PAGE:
Following up from last week’s look at The Wind Waker‘s title theme, this week I have elected to look at another excellent piece of title screen music from the Zelda series: Majora’s Mask‘s theme.
As one of the darker and more unique Zelda games, Majora’s Mask has a lot of contrasts throughout its world that play on the theme of light and dark. Not to be left out, its music follows suit and the title theme is the perfect example of such. Mixing a soft, gorgeous tune with the demented twisting of the Skull Kid, Majora’s Mask has one of the more memorable title themes in the entire series. Jump in to read more!
Track: “Title Theme”
Game: Majora’s Mask (N64)
Purpose: Title Theme
Composer: Koji Kondo
I already covered much of the title theme’s point in last week’s post, so I will keep this brief. In short, a game’s title music and/or opening cinematic has the difficult job of summarizing and introducing its game to the player. Therefore, it has to be able to capture the game’s mood and draw in players to what it has to offer.
In Majora’s Mask, we are given one of the darker scenarios in the Zelda series: the world you have just entered is on the verge of death. It is going to end in three days, and all you can do is watch people live out their final days again and again until you save them. Heavy stuff. This is not the light-hearted energy of The Wind Waker nor is it the adventurous spirit of Twilight Princess; it is tragic, plain and simple.
The urgency of Termina’s imminent doom (which Link has been thrust into) is reflected in the music of the game’s main hub, Clock Town. The Clock Town music portrays simple daily life and a bustling town in a lively tune . . . the first day. The second day, the festive drum beats are gone and the song speeds up. By the third and final day the song has become a rapid and urgent theme that makes the listener feel out of time.
That is the basic template used for the Title Theme of Majora’s Mask. The song uses the primary melody of “Clock Town,” particularly the Second Day version, but at a much slower tempo. Without the festive drum beats or rapid undercurrent, it is overall a much mellower tune as a result. Another touch is the change of the primary instrument from an ocarina or different woodwinds to the much softer harp.
These elements change the song drastically. It goes from a festive town or urgent race against time to a quiet lullaby or soft testament of peace. All of these are played alongside images of Termina at rest; the inhabitants are shown going about daily lives with Link in their midst, everyone enjoying life one chore at a time. Everything is right in the world. This is a peaceful, pleasant tune that one could almost fall asleep to.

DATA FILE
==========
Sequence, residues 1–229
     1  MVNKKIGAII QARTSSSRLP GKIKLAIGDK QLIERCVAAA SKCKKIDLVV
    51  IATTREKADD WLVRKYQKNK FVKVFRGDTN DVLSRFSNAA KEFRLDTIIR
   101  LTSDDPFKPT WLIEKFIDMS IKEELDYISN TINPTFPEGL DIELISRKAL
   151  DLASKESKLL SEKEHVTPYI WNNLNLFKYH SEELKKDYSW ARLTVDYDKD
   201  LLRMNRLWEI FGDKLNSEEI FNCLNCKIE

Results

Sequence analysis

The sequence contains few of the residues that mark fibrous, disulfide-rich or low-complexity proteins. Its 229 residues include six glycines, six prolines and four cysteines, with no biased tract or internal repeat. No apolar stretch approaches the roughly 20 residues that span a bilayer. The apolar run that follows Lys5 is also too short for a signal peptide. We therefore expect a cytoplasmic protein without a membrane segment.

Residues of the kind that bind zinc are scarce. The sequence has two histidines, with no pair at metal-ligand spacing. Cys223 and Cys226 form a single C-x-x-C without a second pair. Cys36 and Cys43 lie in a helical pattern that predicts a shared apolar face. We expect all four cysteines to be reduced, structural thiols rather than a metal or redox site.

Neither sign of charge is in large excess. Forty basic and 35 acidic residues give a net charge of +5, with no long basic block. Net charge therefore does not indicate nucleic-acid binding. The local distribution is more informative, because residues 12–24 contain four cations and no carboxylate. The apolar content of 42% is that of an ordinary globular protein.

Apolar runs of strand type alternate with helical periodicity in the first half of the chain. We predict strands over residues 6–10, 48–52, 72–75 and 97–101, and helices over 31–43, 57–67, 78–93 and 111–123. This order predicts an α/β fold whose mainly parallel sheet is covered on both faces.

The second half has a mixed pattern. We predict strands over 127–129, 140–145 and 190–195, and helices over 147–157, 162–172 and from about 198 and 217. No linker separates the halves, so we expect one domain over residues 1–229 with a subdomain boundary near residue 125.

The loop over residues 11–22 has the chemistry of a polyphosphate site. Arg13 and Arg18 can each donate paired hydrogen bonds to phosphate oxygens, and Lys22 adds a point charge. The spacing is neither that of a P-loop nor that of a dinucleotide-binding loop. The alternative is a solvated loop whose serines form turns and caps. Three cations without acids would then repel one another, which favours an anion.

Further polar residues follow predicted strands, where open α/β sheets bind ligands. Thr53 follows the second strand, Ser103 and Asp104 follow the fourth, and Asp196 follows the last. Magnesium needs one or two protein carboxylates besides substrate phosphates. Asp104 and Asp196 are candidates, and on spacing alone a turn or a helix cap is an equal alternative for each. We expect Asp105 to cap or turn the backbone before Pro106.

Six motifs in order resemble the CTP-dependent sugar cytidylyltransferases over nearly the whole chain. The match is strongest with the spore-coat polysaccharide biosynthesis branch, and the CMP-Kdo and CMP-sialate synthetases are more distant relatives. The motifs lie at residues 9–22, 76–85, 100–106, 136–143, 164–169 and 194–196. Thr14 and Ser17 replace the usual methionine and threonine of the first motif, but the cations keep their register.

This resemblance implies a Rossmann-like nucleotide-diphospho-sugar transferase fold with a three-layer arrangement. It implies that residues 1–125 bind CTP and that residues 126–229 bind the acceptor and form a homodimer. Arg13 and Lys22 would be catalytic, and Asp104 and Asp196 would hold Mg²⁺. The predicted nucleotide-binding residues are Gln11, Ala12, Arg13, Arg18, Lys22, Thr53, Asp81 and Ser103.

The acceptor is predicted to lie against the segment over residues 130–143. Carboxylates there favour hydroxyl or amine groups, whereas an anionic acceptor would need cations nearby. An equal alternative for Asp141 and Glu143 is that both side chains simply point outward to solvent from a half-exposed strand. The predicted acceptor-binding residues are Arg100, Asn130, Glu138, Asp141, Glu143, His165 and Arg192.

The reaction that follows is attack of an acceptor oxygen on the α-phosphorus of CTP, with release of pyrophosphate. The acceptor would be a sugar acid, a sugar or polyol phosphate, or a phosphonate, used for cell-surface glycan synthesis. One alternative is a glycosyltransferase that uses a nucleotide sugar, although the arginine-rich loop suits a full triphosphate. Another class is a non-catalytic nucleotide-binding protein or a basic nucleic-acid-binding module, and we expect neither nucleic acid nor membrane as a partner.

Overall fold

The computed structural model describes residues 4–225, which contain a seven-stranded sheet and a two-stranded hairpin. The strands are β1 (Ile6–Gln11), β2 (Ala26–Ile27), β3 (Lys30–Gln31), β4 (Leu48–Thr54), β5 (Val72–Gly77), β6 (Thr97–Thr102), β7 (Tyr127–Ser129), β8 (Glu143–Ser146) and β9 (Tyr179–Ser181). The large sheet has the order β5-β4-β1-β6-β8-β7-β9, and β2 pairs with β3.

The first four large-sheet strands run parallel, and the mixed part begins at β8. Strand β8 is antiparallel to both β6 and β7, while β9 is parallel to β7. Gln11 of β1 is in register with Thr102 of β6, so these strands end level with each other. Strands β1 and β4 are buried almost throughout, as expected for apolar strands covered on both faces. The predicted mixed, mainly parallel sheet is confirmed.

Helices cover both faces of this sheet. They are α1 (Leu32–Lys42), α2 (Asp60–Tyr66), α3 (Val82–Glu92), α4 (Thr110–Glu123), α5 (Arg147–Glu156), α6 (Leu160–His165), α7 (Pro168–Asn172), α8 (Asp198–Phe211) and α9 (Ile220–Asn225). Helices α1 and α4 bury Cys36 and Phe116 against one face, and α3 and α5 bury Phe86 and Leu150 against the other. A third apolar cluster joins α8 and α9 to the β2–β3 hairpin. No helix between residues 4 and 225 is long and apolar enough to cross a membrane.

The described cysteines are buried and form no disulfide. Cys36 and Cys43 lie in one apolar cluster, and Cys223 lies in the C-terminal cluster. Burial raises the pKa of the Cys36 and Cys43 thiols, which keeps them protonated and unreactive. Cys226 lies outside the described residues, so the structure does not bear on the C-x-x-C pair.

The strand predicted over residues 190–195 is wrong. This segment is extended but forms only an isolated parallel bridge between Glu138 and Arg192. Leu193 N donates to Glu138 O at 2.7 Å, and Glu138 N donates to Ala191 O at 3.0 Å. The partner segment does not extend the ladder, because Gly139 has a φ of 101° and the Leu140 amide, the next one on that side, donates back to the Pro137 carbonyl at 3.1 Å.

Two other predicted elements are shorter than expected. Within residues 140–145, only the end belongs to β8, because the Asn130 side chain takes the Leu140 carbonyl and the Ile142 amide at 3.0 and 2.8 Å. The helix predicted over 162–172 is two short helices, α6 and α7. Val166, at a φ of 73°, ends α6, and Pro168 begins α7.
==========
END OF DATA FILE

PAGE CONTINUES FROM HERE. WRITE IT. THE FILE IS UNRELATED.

. . . until the end. A little over a minute and a half into the song’s course, it begins to fade. We lose one instrument, then another. A soft dread creeps into the music. Then a sudden, almost alien sound overtakes the tune and in the cinematic we are greeted with our first image of the possessed moon hanging over the city like the death sentence it is. The Skull Kid stands atop the Clock Tower, gazing into the sky unfaltering in a bizarre and creepy image that nobody soon forgets. The song is no longer peaceful, it is now jarring and unnerving. It is a completely different tune. Peace has gone and been replaced by madness.
I feel the opening clips for Majora’s Mask are more effective in conveying the game’s mood than any other in the series . . . and that is saying something. The course of the game carries you through a peaceful land where you can enjoy numerous wonderful characters and their respective quests and minigames, but no matter what there is always a clock at the bottom of your screen ticking away the time. There is always a moon hanging over you, ready to destroy everything you love in this world. There is always Skull Kid to be dealt with.
Sure, every Zelda game and its mother involves Link getting sidetracked when he should actually be saving the world. But Majora’s Mask is the one game that does the best job of making sure you never forget that. Therein lies the reason its intro is so perfect; we see the people. We see the peaceful land of Termina. And we see the jarring disturbance to the peace and sanity that is Skull Kid and his horribly powerful mask (or is it the mask and its Skull Kid?). Independently, the song and its associated images are powerful. Together, they are perfect.
So what are your thoughts on Majora’s Mask and its opening theme? Do you think its intro conveys the mood of the game well? Are there other songs in the series that you think capture their respective games better? Let me know in the comments, and be sure to give me requests for future music features!
The First, Second, and Third day renditions of “Clock Town” are the source of this song’s melody, and each gives its own touch to the song based on how near the moon’s imminent crash is. Be sure to give ‘em a listen!
The full cinematic for the scene this tune is taken from makes the whole thing work perfectly. It is certainly worth watching to get the full effect.